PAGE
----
As the summer was winding down, Hines Interests, the Texas-based firm planning a 1,250-foot slender tower set to soar next to the Museum of Modern Art, visited the Department of City Planning’s Lower Manhattan offices, designs in hand, to seek the approval of Amanda Burden, the agency’s director. The tower, designed by acclaimed French architect Jean Nouvel, was lauded in the architectural community.
She wasn’t pleased.
“They hadn’t finished the design.” Ms. Burden said plainly in her office last week. “They were asking special permission to penetrate an iconic zone of the skyline, and they hadn’t finished the design. I was stunned.”
Recalling her meeting, she winced as she gestured at a photo of the skyscraper plans Hines presented to her.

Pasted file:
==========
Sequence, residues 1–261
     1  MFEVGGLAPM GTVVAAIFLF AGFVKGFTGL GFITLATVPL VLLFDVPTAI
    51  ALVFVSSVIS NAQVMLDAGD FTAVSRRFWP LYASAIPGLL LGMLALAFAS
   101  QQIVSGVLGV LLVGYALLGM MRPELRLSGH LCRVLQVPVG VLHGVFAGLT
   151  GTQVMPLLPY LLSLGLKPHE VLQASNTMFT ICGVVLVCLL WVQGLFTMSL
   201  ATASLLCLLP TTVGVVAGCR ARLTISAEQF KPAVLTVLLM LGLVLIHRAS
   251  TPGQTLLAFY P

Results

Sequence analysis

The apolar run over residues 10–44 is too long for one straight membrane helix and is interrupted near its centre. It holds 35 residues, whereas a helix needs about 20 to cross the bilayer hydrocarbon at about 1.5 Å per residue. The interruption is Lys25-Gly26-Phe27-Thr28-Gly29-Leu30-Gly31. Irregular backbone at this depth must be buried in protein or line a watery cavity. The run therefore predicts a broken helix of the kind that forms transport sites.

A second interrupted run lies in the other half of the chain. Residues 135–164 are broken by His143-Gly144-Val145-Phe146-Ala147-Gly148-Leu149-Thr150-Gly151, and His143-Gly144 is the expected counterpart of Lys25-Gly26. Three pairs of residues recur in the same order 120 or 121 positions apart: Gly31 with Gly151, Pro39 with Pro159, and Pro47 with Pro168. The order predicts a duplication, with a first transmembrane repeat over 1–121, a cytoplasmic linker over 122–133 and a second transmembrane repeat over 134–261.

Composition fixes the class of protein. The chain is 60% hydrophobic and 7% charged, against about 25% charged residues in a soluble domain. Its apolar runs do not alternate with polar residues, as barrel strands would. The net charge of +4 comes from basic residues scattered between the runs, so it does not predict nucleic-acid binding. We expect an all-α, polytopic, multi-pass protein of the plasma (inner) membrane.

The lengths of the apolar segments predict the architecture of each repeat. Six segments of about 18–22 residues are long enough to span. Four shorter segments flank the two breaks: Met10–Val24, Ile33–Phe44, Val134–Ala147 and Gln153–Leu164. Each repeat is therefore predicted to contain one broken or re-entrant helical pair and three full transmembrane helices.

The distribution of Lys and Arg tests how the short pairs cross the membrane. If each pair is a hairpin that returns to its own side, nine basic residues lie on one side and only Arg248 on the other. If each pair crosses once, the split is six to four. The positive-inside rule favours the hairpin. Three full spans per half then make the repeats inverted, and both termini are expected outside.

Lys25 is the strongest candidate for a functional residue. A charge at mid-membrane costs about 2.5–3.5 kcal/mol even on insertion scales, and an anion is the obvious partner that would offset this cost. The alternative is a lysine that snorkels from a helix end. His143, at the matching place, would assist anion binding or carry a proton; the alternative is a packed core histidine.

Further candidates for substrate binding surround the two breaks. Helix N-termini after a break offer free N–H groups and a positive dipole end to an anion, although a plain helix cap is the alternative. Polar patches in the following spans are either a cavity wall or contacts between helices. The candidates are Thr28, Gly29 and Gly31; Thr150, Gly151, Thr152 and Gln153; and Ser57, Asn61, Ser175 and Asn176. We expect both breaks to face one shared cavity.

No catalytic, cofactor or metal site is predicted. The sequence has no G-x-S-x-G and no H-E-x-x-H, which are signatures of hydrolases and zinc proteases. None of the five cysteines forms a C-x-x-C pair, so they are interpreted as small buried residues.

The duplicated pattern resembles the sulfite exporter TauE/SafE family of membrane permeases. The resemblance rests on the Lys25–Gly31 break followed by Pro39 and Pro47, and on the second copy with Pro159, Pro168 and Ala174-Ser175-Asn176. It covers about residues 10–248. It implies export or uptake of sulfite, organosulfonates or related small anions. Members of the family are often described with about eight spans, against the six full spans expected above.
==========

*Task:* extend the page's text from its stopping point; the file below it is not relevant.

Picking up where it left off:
“It was an A-frame with a mechanical box in it,” she said of the tower’s top. “And I’m championing this building, and I’m telling everybody this is just thrilling, it’s my favorite building, it’s exciting, and then this is what we saw.
“And I told them, ‘You want special permission to break the skyline. I applaud that. But with what?’”
So Ms. Burden, who is also chairwoman of the City Planning Commission, did what few saw coming: Acting at the commission meeting on Sept. 9, in a clean break, she cut the tower by 20 stories, restricting its height to 1,050 feet. The official reason, according to commission documents: “to minimize adverse effects on the character of the surrounding area” brought on by “highly visible mechanical equipment.”
NOW NEARLY EIGHT YEARS into her tenure, and with the possibility of another four seeming rather likely, Ms. Burden is an increasingly powerful and apparently emboldened force in the Bloomberg administration—one whose often forceful views are imprinted and emblazoned on nearly every major skyscraper, mall, public plaza and large development that rises in city limits.